There was an envelope waiting for me from the National Archives when I got home last night. I have learned something about the National Archives, you don’t want a business envelope back from them, you want a manila folder. Business envelopes never contain good news; it is the National Archives version of a “Dear John” letter.
I ripped the top off of the envelope and pulled the contents out. It was the information that I had sent for on the immigration of John Wendel. I thought that this info should be a slam dunk. Even if it was the wrong John Wendel it would be information on a John Wendel. I found all that I needed for them to send me copies on ancestry.com, or so I thought. According to ancestry there was a record in 1830 for a John Wendel that came into Baltimore from Germany. They even gave the microfilm publication. The information according to ancestry came from the National Archives and also from the State Department Transcripts of Passengers.
According to my researcher the microfilm records stop at March 30, 1821 and leave an 11 year gap to Aug 19, 1832. They also wrote that there wasn’t any information found in the index. They had searched M255-1, Sept. 2, 1820–Mar. 30, 1837 and the soundexed roll of M327 and found nothing. Resources state that the Baltimore passenger records for the 1820s & 1830s are fragmentary and some have not survived.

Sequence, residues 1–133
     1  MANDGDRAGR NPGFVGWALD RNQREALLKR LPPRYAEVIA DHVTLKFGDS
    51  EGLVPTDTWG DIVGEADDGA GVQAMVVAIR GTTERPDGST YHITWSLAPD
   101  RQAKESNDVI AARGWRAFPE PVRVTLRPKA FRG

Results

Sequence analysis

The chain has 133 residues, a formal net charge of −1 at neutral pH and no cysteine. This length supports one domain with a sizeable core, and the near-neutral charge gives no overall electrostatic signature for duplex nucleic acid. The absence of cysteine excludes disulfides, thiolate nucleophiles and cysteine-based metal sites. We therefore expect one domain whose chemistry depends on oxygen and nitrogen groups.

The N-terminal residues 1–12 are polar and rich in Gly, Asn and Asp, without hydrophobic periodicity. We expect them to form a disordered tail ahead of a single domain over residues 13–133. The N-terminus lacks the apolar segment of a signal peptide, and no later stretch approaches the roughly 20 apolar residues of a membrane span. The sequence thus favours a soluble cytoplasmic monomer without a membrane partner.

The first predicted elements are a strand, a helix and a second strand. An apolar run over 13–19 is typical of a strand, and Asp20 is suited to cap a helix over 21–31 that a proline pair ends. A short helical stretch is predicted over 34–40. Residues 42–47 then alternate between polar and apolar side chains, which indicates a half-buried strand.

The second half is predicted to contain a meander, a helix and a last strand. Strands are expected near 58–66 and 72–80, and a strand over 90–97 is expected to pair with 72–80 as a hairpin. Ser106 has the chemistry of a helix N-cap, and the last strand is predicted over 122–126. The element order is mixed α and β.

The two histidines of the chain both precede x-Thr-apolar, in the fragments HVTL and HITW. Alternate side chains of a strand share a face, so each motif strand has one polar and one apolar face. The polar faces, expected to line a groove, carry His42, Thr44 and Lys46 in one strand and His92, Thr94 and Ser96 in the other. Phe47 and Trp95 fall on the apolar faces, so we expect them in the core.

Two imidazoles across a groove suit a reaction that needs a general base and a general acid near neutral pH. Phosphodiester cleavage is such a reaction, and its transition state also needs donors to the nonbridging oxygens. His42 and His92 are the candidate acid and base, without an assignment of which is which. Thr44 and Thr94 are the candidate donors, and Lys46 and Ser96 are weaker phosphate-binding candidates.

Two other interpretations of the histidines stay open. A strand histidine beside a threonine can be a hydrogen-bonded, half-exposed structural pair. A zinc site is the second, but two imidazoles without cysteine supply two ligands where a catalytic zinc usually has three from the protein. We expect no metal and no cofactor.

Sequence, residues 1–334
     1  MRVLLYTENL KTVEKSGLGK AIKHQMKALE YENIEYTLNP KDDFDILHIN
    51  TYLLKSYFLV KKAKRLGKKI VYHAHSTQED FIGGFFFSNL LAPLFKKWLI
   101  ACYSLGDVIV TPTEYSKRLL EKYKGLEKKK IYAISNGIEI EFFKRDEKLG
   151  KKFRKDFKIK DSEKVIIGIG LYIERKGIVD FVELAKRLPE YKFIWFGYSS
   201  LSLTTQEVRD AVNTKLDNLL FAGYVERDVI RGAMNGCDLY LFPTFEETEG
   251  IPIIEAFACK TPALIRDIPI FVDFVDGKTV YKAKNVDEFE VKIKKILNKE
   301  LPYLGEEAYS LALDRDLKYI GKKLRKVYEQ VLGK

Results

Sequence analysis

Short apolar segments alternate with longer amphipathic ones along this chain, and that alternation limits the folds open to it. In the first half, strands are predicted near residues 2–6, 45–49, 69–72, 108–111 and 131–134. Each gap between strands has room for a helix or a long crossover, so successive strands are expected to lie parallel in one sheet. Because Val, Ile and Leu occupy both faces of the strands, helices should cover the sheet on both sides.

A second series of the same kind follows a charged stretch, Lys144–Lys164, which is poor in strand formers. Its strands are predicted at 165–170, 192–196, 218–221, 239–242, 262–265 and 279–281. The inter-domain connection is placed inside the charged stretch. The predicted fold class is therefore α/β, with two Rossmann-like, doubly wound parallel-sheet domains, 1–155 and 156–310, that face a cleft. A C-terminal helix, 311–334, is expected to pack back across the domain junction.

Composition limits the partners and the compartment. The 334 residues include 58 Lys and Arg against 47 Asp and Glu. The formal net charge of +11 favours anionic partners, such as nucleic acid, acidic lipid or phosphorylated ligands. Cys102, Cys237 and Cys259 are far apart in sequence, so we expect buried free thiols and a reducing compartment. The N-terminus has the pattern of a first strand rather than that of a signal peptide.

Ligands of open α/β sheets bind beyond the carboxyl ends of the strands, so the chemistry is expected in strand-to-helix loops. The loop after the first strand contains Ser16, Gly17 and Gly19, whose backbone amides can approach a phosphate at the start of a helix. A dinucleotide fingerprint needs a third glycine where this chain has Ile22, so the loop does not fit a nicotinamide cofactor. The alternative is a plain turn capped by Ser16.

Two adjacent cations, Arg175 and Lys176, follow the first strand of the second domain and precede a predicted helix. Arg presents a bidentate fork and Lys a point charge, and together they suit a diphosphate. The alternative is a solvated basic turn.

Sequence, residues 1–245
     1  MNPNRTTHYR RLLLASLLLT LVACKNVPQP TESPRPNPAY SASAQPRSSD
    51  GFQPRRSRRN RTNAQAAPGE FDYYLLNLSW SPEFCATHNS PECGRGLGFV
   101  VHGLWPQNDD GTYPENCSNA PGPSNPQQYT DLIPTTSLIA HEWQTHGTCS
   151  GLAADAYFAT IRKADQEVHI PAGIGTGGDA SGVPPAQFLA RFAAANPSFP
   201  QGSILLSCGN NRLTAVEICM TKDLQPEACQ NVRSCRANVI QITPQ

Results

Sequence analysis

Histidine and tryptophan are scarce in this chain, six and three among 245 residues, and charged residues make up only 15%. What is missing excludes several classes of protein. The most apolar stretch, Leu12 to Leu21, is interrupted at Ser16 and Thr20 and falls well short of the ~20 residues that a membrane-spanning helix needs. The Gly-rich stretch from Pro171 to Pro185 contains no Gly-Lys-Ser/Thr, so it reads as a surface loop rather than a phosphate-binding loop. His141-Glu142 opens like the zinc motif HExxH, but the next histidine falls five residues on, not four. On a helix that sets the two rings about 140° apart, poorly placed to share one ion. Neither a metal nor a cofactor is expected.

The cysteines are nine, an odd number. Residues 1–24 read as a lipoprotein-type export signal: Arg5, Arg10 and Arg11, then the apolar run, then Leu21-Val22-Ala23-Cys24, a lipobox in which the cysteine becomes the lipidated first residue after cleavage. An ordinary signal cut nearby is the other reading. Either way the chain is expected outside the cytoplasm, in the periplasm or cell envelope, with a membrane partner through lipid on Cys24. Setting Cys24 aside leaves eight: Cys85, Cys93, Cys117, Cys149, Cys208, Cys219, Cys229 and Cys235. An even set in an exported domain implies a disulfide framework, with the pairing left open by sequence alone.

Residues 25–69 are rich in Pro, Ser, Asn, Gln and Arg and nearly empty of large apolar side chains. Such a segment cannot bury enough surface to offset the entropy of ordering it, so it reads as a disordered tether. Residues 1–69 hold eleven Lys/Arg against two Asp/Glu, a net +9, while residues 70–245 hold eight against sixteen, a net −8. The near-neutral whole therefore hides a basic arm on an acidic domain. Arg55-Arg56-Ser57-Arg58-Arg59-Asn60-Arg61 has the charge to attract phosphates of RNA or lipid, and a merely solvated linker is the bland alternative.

Now I really am flabbergasted. Where in the world would the information have been on this particular immigration? I am sure the transcriber didn’t just make it up.
I did a little web searching and found a book that is suppose to fill in some of the blanks mentioned in the Baltimore passenger lists. It is called “Passenger Arrivals at the Port of Baltimore, 1820-1834 from Customs Passenger Lists. Transcribed by Elizabeth P. Bentley” and is for sale on Amazon.com for $122. That is a bit expensive for a shot in the dark.